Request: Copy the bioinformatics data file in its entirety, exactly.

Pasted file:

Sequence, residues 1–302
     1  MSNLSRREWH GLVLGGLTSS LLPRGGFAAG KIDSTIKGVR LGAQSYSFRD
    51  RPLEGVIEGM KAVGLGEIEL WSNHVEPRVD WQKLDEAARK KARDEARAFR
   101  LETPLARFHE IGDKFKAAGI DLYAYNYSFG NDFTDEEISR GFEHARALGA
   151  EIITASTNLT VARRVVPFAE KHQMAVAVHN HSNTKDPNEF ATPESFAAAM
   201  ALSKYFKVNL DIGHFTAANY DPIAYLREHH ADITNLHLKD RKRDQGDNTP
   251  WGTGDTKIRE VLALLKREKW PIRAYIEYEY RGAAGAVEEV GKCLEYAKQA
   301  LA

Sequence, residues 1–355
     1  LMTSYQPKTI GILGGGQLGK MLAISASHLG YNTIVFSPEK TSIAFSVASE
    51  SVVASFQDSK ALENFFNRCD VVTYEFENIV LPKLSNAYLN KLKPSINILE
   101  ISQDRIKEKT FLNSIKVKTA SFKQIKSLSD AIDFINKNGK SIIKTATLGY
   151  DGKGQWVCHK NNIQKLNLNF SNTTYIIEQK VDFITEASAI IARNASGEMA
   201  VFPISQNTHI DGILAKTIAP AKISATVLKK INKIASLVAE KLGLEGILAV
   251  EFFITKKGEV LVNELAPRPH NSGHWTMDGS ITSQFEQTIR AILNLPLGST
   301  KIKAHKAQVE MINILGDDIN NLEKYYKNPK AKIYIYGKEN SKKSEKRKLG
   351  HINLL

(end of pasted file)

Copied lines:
Sequence, residues 1–302
     1  MSNLSRREWH GLVLGGLTSS LLPRGGFAAG KIDSTIKGVR LGAQSYSFRD
    51  RPLEGVIEGM KAVGLGEIEL WSNHVEPRVD WQKLDEAARK KARDEARAFR
   101  LETPLARFHE IGDKFKAAGI DLYAYNYSFG NDFTDEEISR GFEHARALGA
   151  EIITASTNLT VARRVVPFAE KHQMAVAVHN HSNTKDPNEF ATPESFAAAM
   201  ALSKYFKVNL DIGHFTAANY DPIAYLREHH ADITNLHLKD RKRDQGDNTP
   251  WGTGDTKIRE VLALLKREKW PIRAYIEYEY RGAAGAVEEV GKCLEYAKQA
   301  LA

Sequence, residues 1–355
     1  LMTSYQPKTI GILGGGQLGK MLAISASHLG YNTIVFSPEK TSIAFSVASE
    51  SVVASFQDSK ALENFFNRCD VVTYEFENIV LPKLSNAYLN KLKPSINILE
   101  ISQDRIKEKT FLNSIKVKTA SFKQIKSLSD AIDFINKNGK SIIKTATLGY
   151  DGKGQWVCHK NNIQKLNLNF SNTTYIIEQK VDFITEASAI IARNASGEMA
   201  VFPISQNTHI DGILAKTIAP AKISATVLKK INKIASLVAE KLGLEGILAV
   251  EFFITKKGEV LVNELAPRPH NSGHWTMDGS ITSQFEQTIR AILNLPLGST
   301  KIKAHKAQVE MINILGDDIN NLEKYYKNPK AKIYIYGKEN SKKSEKRKLG
   351  HINLL